Briciole. Bargain.

It filled up shortly after this

Briciole. I’d been meaning to come here for ages but I hadn’t realised it was here. I mean I’d walked past this place and I’d probably even seen a sign, but I hadn’t registered. I thought it was some sort of deli and bar, because that’s all you can see from the road.

So on a wet Saturday afternoon, I was thinking about where I could go for a simple meal and I remembered that this was about 10 minutes away and it was on my “to try” list.

It’s in a Marylebone backwater, but that’s no bad thing. You walk into a little bar area and then go through to the back. The room is large and simply decorated. A lot of bare brick and photos of food. It’s not the most sophisticated decor you’ll ever come across but then that’s not the point here. And can I just say, if you’re going to play loud music throughout the meal (which, as you know, I hate), can you please play it through a stereo that doesn’t sound like it someone has stuffed a pillow over the speaker.

The menu is large, and there are a number of daily specials. There are salads, plates of meat and cheese, soups, pasta and a separate section for meatballs and sausages. There are also some side dishes. I struggled to find anything over £10. I did, eventually, it was the tagliolini with prawns.£11.

I felt like something simple – I’d been eating for England recently, so chose the Lattughino con mandorle, pecorino sardo and vincotto. Green salad with pecorino and toasted almonds to you. It was fresh, the dressing was decent and it was altogether competent.

C’s minestrone was a lovely warming bowl of soup, with wilted spinach stirred into it. I think he wanted some Parmesan over the top, to remind him of the 1970s in London, Ontario but I told him to ask and he didn’t want to, so he missed out.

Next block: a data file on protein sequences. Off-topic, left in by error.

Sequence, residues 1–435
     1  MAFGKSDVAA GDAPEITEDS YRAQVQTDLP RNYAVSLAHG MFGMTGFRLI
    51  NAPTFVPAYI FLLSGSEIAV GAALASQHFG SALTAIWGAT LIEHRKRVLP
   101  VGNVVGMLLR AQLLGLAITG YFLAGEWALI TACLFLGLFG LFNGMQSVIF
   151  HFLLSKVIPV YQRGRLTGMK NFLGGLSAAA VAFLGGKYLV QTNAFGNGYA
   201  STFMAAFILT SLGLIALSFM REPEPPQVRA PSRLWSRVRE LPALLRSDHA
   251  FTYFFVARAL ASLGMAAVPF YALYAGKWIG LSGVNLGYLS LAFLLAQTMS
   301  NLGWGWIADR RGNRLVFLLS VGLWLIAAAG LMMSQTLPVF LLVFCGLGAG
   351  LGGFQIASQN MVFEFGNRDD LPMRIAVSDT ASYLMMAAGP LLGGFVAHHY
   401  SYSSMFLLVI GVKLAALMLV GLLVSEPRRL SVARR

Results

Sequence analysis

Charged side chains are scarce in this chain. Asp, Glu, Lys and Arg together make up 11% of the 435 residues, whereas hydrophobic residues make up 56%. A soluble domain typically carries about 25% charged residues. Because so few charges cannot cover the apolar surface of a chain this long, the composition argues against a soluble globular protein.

And then, keeping the simple theme, sweet and sour meatballs with some red onions. Because it sounds so much better, I’m going to describe them as Polpette fritte in Agrodolce, Alla Palermitana. Really, that’s what it said. And they were firm and tasty, slightly pink in the middle and the red onions reminded me of Christmas and red cabbage. Same seasoning. Delicious it was too.

I could say they were the dog’s but that would be rude

And the beans. A simple dish of beans is a thing of wonder, when done properly. Like here. They were similar to foul medames, which is one of my favourite dishes of comfort food. I’ll be going back for those.


C had a stodgy-looking lasagne. But it tasted good. And it was £8. Yes, £8

Lasagne stodge. Lines the stomach, that does

And then, because we always need, dessert. I had affogato, which is almost like not having a dessert and C had the tiramisu, of which the same cannot be said.

It wasn’t small

I ate half of it, having not had a proper dessert myself. It wasn’t the best that I’ve ever tasted.  It wasn’t an entirely conventional tiramisu and the mascarpone element seemed to have been made of custard – I’m not saying that it was unpleasant in any way – just not quite what I was expecting. But at £3, I feel churlish for even mentioning it.

This is a great local Italian restaurant. Authentic, run by Italians, slightly chaotic when busy (it took 20 minutes to get the bill and we had to ask three times) but a massive bargain for the quality of food served and a great addition to this area which has no shortage of mediocre and overpriced restaurants. The coffee was good too. I’ll be back. Despite the muffled music.
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